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Numbers: Allergies, From the Fecund Ragweed to Killer Peanuts

By Andrew Grant
Aug 16, 2009 5:00 AMNov 12, 2019 4:20 AM


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0.001 Fraction of a peanut, in powder form, given to children with severe peanut allergies at the start of a trial designed to build up their tolerance. Within a year, after gradual increases in the dosage, some of the youngsters safely consumed 15 peanuts before experiencing a reaction, according to allergist Wesley Burks of Duke University.

19,000 Maximum number of dust mites found in a gram of household dust (about the weight of a paper clip). One person in 10 is allergic to proteins in the bodies and waste of dust mites—tiny eight-legged creatures that multiply on surfaces such as bedding and carpeting.

50 Million Number of Americans who suffer from allergy-related ailments, including sinusitis, rhinitis (hay fever), and food allergies. Almost 55 percent of Americans experience a reaction to at least one allergen—the most common sources are trees, grasses, weeds, mold, and dust mites. Rhinitis alone affects 40 million people nationwide.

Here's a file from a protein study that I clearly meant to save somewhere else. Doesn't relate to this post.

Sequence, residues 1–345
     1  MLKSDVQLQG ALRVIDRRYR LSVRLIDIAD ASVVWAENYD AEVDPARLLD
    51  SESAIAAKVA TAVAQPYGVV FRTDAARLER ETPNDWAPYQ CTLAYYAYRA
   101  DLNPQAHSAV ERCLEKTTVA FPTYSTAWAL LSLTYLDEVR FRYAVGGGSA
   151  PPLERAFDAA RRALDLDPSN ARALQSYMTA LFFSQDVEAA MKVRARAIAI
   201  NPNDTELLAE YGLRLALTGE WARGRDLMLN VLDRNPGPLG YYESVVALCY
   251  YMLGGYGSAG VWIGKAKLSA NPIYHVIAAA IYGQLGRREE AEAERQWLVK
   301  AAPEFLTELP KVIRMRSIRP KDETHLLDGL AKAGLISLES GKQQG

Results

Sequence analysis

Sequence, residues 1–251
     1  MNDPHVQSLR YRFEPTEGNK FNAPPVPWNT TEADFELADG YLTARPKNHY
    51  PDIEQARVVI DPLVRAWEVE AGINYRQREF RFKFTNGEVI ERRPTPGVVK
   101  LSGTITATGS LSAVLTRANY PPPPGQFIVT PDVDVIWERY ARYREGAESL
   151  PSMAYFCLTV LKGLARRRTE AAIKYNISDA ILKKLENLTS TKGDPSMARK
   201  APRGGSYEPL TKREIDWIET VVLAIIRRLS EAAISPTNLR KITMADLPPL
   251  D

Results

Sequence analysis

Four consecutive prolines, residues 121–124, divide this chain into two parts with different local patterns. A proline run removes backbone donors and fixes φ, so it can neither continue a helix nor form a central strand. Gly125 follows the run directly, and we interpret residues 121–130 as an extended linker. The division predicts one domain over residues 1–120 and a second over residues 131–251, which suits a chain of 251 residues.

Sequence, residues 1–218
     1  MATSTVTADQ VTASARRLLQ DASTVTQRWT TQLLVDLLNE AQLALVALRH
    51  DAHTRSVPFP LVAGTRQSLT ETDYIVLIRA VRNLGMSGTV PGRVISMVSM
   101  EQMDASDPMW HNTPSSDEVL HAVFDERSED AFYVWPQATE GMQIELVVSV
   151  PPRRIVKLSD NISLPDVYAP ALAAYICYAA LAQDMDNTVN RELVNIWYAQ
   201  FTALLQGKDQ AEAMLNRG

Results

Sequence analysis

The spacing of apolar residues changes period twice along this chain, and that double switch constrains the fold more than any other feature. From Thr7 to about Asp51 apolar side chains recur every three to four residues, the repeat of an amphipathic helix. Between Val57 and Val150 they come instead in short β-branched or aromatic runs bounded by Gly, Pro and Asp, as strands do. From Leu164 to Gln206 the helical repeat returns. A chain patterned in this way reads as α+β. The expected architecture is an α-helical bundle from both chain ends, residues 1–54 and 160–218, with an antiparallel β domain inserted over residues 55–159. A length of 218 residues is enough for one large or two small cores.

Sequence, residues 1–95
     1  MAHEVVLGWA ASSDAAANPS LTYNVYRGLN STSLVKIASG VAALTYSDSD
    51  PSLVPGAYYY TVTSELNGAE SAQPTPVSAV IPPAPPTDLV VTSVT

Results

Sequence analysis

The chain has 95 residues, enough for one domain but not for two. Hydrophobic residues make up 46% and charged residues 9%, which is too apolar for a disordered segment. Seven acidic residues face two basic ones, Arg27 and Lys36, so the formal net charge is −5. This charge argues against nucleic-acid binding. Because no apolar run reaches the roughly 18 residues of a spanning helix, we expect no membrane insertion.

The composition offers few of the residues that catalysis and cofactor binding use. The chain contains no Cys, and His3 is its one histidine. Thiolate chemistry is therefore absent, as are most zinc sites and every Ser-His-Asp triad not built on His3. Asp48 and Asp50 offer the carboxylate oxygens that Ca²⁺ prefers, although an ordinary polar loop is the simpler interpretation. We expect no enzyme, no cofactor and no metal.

0.0000001 Grams of immunoglobulin E (IgE)—the germ-fighting antibody responsible for allergies—in an average liter of blood. Once the immune system detects an antigen such as pollen or pet dander, IgE triggers the release of histamine and other chemicals; these chemicals, produced by the body, are the actual cause of the familiar sneezing, itching, and watery eyes.

1 billion Approximate number of pollen grains produced by a single ragweed plant each year. As few as 10 grains per cubic meter of air can provoke symptoms in the most sensitive people; during late summer months the count can reach into the hundreds. Ragweed pollen triggers a reaction in about 75 percent of hay fever sufferers.

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